My confidence improved during the project; having somewhere to go and sing and eat and talk and stuff; all the new people I met; performing; learning bass and playing Uke; seeing ideas and confidence develop; getting to know everyone, having a lot of fun and making some great original music; everyone and everything have been amazing and I wouldn’t regret it for the world; hearing solos; the development of the group from a starting point of not knowing each others, learning about sexology, research, songwriting, playing and singing and achieving the songs and memories; the food and the games: apple, banana, cucumber, DimeBar, egg, frankfurter, grapefruit, hamburger, icecream, jam, kitkat, lemon, melon, Nutella, orange, pineapple, quavers, rhubarb & custard, strawberries, toasted waffles, upsidedown cake, vanilla essence, water, xtra large, yam, zebra bars.

London and the Roundhouse: I met to many nice and wonderful people who have inspired me; Dan Gillespie from the Feeling’s speech and performance; the girls singing and meeting other people; train and taxi journey home; me and Rita turning the studio into a mini club; being blown away how everyone on stage pulled it out of the bag for the gig; everyone pulling together and performing on stage alongside all the other groups to an audience and live broadcast cameras.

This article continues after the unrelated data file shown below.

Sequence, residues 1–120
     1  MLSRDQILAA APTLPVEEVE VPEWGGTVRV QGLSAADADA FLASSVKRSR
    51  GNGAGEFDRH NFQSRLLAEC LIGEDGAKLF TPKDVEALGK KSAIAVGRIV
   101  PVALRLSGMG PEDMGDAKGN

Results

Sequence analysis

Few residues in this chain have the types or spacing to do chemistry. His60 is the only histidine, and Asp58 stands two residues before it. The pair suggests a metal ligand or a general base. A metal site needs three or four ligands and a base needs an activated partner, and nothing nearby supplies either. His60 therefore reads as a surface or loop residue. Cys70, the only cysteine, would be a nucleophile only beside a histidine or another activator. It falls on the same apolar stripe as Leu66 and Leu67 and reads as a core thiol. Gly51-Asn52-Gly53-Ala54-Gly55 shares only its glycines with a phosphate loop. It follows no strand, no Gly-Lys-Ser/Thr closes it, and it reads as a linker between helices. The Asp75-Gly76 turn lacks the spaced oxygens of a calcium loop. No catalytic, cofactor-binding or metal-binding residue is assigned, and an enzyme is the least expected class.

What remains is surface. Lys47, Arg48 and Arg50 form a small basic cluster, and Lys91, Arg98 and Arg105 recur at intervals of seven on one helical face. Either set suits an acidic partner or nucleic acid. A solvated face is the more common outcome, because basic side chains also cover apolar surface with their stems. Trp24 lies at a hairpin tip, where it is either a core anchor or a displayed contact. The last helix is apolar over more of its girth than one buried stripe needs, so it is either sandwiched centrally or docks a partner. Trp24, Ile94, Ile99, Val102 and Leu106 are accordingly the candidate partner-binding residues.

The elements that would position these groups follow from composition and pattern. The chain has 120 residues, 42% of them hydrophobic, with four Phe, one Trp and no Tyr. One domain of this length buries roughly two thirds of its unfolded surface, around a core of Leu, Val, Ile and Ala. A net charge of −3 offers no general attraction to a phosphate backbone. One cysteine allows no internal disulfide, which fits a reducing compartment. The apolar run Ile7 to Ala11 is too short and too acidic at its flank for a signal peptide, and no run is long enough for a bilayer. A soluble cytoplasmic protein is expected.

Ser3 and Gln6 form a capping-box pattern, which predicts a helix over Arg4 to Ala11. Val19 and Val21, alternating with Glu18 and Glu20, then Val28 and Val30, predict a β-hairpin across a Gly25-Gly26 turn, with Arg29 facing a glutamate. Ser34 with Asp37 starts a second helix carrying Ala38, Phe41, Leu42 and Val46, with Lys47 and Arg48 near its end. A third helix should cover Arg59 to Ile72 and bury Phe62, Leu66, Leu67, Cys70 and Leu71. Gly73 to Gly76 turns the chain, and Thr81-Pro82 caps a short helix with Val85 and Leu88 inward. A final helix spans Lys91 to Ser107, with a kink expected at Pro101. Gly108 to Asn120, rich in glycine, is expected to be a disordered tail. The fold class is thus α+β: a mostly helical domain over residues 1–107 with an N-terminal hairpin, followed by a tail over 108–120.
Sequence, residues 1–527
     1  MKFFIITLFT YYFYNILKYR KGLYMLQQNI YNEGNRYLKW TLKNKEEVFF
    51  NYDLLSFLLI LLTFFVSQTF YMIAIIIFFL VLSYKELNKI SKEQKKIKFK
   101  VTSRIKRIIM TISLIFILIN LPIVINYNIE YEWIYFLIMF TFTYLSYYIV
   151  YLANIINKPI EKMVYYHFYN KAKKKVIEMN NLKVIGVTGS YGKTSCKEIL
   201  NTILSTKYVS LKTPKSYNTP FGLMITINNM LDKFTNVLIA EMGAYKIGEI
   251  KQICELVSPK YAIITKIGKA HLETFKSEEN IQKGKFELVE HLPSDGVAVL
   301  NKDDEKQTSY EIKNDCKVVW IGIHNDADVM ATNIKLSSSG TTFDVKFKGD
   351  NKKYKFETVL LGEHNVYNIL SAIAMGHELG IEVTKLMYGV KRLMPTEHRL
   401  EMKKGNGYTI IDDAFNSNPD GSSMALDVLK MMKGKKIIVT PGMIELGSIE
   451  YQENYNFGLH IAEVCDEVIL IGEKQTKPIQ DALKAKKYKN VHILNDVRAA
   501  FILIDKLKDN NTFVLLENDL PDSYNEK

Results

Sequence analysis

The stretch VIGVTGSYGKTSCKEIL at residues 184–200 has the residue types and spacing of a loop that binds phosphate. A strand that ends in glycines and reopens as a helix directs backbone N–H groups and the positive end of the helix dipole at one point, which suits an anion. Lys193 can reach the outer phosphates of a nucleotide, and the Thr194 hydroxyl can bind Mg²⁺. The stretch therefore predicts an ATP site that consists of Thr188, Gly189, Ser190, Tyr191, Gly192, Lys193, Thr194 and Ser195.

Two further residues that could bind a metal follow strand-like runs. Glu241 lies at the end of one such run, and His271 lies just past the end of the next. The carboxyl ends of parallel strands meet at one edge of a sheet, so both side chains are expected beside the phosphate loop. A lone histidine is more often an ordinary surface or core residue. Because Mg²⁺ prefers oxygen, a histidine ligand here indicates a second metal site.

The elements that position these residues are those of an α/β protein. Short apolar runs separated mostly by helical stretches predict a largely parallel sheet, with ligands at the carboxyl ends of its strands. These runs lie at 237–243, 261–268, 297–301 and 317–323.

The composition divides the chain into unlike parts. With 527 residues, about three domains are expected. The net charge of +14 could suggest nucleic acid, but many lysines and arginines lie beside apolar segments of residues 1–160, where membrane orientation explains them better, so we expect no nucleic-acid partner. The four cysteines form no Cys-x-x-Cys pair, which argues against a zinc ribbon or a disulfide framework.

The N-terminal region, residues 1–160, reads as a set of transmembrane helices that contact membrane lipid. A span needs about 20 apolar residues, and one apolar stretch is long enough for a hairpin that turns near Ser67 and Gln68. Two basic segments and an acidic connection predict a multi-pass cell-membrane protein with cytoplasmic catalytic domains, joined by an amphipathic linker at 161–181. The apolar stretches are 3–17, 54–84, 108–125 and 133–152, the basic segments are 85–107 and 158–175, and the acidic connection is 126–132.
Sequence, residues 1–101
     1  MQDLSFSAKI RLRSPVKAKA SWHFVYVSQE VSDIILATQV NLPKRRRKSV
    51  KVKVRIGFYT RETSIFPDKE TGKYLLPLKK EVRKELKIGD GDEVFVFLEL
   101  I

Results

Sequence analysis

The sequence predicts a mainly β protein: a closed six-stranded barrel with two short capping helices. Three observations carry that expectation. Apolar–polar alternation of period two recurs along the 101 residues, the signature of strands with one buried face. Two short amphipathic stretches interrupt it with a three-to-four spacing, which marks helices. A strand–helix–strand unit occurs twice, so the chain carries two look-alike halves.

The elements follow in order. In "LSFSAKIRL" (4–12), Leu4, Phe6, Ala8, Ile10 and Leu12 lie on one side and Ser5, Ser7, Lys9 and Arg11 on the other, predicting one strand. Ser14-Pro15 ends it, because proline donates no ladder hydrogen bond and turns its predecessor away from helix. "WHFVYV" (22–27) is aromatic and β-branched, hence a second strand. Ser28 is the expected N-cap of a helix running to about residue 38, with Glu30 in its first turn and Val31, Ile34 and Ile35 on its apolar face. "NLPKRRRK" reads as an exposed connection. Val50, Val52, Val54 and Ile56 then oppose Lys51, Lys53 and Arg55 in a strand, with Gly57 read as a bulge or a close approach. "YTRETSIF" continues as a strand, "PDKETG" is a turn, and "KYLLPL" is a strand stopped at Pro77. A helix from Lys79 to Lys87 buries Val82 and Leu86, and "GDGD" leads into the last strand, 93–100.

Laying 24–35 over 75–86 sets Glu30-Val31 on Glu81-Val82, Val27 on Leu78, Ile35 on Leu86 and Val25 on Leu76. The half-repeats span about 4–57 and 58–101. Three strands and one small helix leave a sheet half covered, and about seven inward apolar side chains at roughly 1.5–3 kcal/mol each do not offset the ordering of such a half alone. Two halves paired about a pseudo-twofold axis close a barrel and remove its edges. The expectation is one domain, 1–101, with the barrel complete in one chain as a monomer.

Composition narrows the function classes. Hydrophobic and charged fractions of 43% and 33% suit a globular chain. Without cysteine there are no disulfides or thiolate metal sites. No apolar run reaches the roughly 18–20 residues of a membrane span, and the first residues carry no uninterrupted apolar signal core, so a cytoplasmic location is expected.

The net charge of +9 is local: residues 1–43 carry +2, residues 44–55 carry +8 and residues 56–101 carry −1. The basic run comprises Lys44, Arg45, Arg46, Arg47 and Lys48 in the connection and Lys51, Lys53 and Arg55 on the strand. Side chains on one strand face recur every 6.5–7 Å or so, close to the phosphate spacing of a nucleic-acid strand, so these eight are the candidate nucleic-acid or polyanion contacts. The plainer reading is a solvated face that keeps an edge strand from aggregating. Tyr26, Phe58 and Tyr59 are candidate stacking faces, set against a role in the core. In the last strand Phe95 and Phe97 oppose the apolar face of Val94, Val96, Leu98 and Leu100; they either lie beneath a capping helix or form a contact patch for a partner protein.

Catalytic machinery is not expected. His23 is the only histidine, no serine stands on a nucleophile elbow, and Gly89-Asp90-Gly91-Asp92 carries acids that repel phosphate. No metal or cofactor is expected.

We stuck our memories on the wall, but the girls were reluctant to make their memories visible and didn’t go up and look at them. I said I would record them and let them have them back.

We then all completed a post-it to record what we had learned over the project, about ourselves, about music, about sex and about research. Again they went on the wall and are recorded here.

What I learned about myself? How hard it is to get somewhere every week; always busy; I learned I enjoy working with a mixture of researchers and musician and young people to create a project; I found confidence in music; Me? Nothing; That every time I sing my confidence grows but I’ll always be nervous.

What I learned about music? I learned piano; You can be anything you want even berrie strongbow; Voices sound great together,; It’s hard to write a good song – it takes time and beautiful voices; Song writing is a good way to say what you are afraid to say; I learned music and chords on the uke.